Displaying items tagged: Muskegon Community College
West Michigan colleges and universities saw significant leadership turnover during the spring, bringing in a new crop of presidents as workforce development proves crucial during a widespread talent crunch.
KALAMAZOO — When it first opened in 2008, the Can-Do Kitchen in Kalamazoo provided an avenue for budding food entrepreneurs to take their businesses outside of their homes and into a professional kitchen.
On Sept. 20, Ken James will move to a newly created administrative role at Muskegon Community College to help lead the school’s diversity, equity and inclusion (DEI) strategy. To James, that means serving four distinct constituencies: students, faculty and staff, the community at large, and businesses.
Muskegon Community College President Dale Nesbary plans to retire at the end of the coming academic year. Nesbary is set to retire in June 2022, ending 12 years as president of MCC and 44 years in higher education and research.
MUSKEGON — Kaja Thornton-Hunter unknowingly laid the groundwork for her young business several years ago when she hosted a crab boil at her home.
MUSKEGON — A new partnership is bringing Michigan State University’s resources and expertise in food processing to companies and entrepreneurs throughout West Michigan.
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CALEDONIA — Dan Vukcevich admitted that his only previous farming experience was growing up on a cattle farm that never made any money.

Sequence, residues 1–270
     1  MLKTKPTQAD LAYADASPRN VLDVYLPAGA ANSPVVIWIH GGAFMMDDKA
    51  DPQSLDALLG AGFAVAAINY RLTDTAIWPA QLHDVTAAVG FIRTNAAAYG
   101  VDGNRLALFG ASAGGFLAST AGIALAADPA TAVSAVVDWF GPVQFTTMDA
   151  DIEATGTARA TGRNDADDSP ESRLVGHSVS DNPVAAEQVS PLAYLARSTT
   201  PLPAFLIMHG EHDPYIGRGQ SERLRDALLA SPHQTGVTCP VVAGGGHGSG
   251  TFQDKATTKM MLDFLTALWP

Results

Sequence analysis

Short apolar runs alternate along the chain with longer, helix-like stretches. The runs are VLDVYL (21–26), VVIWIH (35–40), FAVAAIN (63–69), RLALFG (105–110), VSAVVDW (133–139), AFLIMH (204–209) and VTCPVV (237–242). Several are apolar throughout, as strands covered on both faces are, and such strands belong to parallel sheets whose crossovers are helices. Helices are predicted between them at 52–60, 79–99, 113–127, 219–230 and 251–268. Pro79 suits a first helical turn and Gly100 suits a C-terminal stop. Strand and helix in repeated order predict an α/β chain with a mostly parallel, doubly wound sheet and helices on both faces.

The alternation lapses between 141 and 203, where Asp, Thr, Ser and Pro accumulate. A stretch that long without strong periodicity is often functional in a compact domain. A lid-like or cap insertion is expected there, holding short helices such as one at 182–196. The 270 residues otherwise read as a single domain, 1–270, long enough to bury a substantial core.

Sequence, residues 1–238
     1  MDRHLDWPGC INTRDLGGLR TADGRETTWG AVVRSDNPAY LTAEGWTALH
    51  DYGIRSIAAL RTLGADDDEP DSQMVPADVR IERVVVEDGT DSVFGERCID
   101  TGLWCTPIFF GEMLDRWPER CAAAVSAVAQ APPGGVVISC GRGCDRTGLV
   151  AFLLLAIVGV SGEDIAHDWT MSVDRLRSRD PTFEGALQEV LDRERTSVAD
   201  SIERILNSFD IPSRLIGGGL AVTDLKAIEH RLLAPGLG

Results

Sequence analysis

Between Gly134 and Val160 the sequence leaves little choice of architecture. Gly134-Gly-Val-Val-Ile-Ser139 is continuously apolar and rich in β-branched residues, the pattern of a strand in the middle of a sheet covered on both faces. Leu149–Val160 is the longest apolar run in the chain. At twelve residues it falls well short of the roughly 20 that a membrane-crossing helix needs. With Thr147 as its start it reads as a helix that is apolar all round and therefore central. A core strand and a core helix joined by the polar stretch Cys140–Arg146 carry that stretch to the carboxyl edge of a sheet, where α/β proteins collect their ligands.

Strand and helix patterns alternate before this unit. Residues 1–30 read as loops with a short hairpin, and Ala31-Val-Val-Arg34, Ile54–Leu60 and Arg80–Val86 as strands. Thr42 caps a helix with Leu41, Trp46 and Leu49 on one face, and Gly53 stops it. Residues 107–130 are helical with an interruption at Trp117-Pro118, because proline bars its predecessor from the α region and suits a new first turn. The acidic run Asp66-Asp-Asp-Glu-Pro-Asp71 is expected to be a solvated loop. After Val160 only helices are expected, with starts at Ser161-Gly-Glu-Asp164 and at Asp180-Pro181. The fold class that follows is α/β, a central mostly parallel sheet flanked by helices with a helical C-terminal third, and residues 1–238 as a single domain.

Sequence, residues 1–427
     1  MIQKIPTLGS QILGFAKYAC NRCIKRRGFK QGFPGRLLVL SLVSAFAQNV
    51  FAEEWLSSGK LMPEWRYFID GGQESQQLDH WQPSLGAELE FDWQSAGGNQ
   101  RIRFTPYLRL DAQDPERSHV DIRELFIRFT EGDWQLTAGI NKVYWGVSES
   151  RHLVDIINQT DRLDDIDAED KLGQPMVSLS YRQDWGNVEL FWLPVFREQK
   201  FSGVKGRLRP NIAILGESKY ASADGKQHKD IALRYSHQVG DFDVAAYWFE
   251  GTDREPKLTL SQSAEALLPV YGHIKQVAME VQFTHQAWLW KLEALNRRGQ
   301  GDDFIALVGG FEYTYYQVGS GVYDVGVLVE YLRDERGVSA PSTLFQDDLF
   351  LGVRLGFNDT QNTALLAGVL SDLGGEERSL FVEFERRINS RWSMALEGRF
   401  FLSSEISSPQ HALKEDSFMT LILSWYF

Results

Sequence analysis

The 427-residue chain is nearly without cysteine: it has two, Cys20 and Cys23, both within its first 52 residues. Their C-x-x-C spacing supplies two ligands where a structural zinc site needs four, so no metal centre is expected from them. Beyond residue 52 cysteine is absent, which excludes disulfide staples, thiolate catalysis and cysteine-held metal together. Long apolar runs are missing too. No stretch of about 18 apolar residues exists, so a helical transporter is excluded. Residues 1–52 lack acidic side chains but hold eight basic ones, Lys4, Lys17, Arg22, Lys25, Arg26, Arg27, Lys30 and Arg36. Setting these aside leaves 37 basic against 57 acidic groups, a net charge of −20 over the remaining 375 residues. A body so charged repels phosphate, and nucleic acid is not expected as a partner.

Not many designers — if any — feature a portfolio of work quite like Joey Ruiter.
MUSKEGON — An 8,000-square-foot food processing business incubator in Muskegon is now open and accepting new tenants.
Futures for Frontliners draws thousands of returning, new students to West Michigan community colleges
West Michigan community colleges saw thousands of applications through the Futures for Frontliners program unveiled by Gov. Gretchen Whitmer last year to cover tuition for workers deemed essential during COVID-19 shutdown orders.
A West Michigan food processing research center and incubator is among beneficiaries of federal grant funding to bolster small businesses in West and Southwest Michigan.
Under the guidance of Executive Director Marty Gerencer, the West Michigan Food Processing Association incorporated as a 501(c)(6) in February with a multi-pronged approach to support the food industry across a five-county region.
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The heads of two West Michigan public health agencies say they are unconcerned about the recent uptick in COVID-19 cases here as death tolls remain relatively flat and hospitals haven’t reached capacity.
A line in Bronson Methodist Hospital’s emergency state filing to temporarily add 300 beds epitomizes the main challenge for boosting capacity for an expected surge in COVID-19 patients in the coming weeks.
Hospitals in the region plan to add hundreds of beds in anticipation of a surge of patients from the COVID-19 pandemic, MiBiz has learned.